- Ad extensions
Ad extensions allow you to develop more informative ads and offer your customers a quick way to access the information they’re searching for by going directly to the relevant page on your website.
Google AdWords has a large number of different types available, and Bing supports the majority of these as well, so it will save you a lot of time with setting up the new account!
You cannot import them from Google into Bing however, so you will need to add the site extensions manually to the new campaign, however if you have done the heavy lifting with the Google account it shouldn’t be too much work. The key thing is that Bing supports ad extensions, which is good for attracting customers.
If you want to set up a shopping campaign in Bing, you will have to create a Merchant Centre store first, as it needs to be linked to your campaign before you can import it. This is a similar process to what’s required for setting up a Google Shopping campaign, and it would be unreasonable to expect this to transfer over from the Google account.
But if you’re business is seeing good results from the Google Shopping campaign then it’s worth the time and effort to set up in Bing as well!
Google have very good support teams, especially for agencies like ours that are Google Premier Partners. However given that Bing are not quite the size of Google, their support isn’t quite at the same standard, but they are still fairly responsive and there to help if you reach out – it just make take a little longer.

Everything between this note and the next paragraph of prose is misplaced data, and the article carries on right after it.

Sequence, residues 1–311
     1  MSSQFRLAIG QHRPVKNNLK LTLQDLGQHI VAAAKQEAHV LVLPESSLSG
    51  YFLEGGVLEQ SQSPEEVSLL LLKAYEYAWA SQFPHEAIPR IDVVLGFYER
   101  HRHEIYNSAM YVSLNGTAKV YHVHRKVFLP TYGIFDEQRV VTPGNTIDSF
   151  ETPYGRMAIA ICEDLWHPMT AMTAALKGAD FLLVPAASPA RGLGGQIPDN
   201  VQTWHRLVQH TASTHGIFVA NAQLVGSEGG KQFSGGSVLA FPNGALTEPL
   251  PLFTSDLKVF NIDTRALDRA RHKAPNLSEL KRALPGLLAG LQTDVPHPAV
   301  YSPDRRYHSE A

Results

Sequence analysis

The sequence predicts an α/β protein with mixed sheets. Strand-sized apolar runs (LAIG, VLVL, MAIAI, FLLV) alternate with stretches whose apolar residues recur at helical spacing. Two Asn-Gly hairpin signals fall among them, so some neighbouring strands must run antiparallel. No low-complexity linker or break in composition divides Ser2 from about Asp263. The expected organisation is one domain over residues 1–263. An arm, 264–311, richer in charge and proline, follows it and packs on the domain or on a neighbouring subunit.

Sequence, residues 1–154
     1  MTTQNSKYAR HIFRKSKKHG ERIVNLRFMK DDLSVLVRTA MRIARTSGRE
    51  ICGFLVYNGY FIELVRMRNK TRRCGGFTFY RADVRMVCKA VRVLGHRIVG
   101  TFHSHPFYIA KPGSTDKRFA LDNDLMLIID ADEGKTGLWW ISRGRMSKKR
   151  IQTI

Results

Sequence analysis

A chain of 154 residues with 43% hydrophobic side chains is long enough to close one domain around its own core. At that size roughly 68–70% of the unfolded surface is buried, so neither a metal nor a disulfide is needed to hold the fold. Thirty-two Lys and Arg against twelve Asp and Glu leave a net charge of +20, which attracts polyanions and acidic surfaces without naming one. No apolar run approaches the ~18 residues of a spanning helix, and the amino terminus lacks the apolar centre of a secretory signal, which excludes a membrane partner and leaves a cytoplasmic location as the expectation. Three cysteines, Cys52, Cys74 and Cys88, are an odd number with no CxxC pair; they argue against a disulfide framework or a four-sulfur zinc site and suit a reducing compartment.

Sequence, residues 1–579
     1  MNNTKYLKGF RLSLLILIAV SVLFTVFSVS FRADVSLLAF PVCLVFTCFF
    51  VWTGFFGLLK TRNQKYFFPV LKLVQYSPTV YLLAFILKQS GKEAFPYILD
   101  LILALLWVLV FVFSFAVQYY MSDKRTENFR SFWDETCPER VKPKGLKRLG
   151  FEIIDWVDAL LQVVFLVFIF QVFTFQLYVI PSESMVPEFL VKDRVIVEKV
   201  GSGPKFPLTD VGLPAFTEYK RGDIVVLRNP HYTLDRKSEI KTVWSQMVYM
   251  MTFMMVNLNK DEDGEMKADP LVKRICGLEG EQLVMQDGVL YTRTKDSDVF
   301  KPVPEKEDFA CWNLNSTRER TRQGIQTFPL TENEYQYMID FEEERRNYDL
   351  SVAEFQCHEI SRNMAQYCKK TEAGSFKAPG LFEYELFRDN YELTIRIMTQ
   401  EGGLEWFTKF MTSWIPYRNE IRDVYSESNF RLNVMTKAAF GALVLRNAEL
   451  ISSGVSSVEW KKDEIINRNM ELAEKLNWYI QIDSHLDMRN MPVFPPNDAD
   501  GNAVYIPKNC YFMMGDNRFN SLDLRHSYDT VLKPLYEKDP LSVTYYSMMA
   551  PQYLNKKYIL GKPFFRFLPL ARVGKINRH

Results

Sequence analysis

In summary …
Originally, Bing was created as a ‘me too’ to Google AdWords. It did not start out very well and did not have much market share, but with inflating costs of advertising on Google due to the higher levels of competition it has started to gain more popularity.
Advertisers have been keen to look for cost effective alternatives, which is where Bing and also Facebook advertising has seen some big growth over the past few years, as well as increasing popularity of Microsoft devices which use Bing as their default search engine.
In this regards it will make your life easier as the interfaces are fairly similar and if you already have an AdWords account, then you or your agency will find your way around Bing without too much difficulty. It really is a no brainer to add it to your search engine marketing mix for incremental gains.
If you are interested in extending the reach of your business through Bing advertising, get in touch with us. Being experts in Google AdWords and well as Bing, we can assist you in devising coherent campaigns across both of these online advertising platforms.